Because of the famine that follows the family goes south to find food because the can no longer grow anything on their land. In the city they must go to the public kitchens for food and beg in the streets. Wang Lung works by pulling a rickshaw to earn money. Kiangsu, the city, is very different from Anhwei, Wang Lung's birthplace. Another thing that Wang Lung learns about the city is that there is a general abundance of food. In the city, markets are filled with various foodstuffs, and no one seems to starve. Wang Lung and his family go to the public kitchen to be fed because they can never afford to get enough money to cook in their hut. Whenever they have any extra money, the family buys some cabbage to cook, and the boys steal fuel from the fuel carts in the streets

Wang Lung's family and many others live in poverty, unable to participate in any of the luxuries of the city, working at the service of the rich. The children steal whenever they can.They work all their lives only to be living on the fringes of poverty, barely able to feed themselves. The father tells Wang Lung that he always returned to the land.

O-lan tells him that it is possible to return if they would only sell the girl child.

To Wang Lung, there is always the land. "Money and food are eaten and gone, and if there is not sun and rain in proportion, there is again hunger."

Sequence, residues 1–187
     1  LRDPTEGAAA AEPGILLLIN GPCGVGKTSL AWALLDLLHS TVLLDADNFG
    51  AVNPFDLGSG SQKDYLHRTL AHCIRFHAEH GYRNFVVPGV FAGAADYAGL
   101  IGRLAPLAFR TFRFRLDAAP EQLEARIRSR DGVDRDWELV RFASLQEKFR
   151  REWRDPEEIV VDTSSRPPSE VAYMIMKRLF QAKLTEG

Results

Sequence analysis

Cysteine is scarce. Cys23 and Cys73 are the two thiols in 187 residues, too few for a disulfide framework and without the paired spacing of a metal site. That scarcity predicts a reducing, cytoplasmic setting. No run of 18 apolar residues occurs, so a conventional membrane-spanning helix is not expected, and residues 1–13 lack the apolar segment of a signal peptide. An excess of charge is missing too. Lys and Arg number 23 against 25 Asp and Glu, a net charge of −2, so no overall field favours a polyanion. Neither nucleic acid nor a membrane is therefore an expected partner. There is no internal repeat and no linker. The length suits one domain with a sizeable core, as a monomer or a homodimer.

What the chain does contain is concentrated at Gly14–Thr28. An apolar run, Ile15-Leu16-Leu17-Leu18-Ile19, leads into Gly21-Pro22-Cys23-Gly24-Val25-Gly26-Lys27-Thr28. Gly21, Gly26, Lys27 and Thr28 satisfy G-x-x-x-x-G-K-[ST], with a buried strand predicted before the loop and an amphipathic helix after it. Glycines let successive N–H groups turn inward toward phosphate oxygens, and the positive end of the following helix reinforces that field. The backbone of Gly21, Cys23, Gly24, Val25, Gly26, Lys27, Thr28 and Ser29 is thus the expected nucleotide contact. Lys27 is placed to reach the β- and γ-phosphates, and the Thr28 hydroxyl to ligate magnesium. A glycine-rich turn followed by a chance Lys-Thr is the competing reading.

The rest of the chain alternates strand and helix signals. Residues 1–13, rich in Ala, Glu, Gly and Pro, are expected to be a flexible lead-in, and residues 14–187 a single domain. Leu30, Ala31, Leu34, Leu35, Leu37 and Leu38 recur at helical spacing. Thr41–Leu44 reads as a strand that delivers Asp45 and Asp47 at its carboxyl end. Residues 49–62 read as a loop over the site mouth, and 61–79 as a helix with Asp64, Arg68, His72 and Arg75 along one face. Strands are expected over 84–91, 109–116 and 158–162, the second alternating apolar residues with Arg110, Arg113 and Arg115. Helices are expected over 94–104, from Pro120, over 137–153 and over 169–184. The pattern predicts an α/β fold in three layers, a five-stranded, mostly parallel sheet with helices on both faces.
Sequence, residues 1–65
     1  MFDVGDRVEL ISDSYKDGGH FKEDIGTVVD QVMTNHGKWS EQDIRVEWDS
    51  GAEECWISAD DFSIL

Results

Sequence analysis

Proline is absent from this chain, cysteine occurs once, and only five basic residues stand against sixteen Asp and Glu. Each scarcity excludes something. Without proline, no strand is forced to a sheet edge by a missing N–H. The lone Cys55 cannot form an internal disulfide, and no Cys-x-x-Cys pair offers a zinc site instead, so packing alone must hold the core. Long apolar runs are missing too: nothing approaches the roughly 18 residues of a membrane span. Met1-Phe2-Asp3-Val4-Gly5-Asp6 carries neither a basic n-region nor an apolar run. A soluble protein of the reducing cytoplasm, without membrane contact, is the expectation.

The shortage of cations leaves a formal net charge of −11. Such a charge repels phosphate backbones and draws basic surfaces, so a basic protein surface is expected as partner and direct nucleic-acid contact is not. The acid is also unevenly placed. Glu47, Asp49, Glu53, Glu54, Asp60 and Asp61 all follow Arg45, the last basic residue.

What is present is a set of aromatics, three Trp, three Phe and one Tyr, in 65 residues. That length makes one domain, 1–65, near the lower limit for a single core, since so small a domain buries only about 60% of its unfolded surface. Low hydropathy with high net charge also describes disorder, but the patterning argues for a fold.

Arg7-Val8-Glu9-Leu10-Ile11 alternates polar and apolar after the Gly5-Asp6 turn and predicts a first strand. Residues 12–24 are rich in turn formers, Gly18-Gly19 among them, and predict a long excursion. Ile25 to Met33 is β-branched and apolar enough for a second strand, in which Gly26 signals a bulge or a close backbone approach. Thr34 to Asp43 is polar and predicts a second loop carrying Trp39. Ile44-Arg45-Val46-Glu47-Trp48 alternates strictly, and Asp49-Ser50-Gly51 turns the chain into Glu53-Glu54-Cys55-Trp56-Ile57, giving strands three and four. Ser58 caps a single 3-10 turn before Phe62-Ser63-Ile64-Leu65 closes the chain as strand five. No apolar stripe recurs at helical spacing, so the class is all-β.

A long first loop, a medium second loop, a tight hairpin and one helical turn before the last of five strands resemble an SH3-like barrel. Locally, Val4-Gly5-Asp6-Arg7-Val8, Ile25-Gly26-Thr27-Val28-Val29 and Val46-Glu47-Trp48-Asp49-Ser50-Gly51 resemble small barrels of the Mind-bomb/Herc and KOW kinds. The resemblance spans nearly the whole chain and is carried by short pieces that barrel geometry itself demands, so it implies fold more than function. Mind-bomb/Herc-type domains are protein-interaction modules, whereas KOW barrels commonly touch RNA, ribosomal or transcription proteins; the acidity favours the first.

One day, Wang Lung is told to stop coming to the houses of merchandise, and the public kitchen closes. Wang Lung steal gold from a rich man and returns home He plans that they will go back to their land tomorrow. He prepare for the homecoming by buying wheat, rice, and corn seeds from the south, vegetable seeds, and an ox. Once they are home in the evening, he stands and looks out at his land, wishing to be alone with it.

Completely devoted to his land, Wang Lung spends days thinking of what to plant on what part of his land. When he is tired, he lies down on the earth to sleep. Before long, things are as they were before. O-lan, his wife is pregnant again, and the children play. The rice and the beans grow in the fields.

They again have enough money to buy more land.Wang Lung again buys land from the house of Hwang. Ching and Wang Lung plant rice in the fields that have had much rain and Wang Lung hires two workers for the harvest. He also has his two sons work I the fields. O-lan does not work in the fields because Wang Lung can afford laborers. Wang Lung expands his fortune and enlarges his house. Although a prosperous landowner, he is ignorant. One day, he decides to put the eldest son in school so that he may be a scholar, accompanying Wang Lung to grain markets to read and write for him.

During the seventh year, the lands are flooded. There is enough in the storage for the family to survive and his house is built on a hill.The lands cannot be worked.

Wang Lung is very proud when his son is able to read and write. The New Year comes, and villagers come to see Wang Lung to wish him happiness. With food everywhere on the table, people know that Wang Lung has had another good year.

One day, the locusts come, threatening to destroy the crops. Although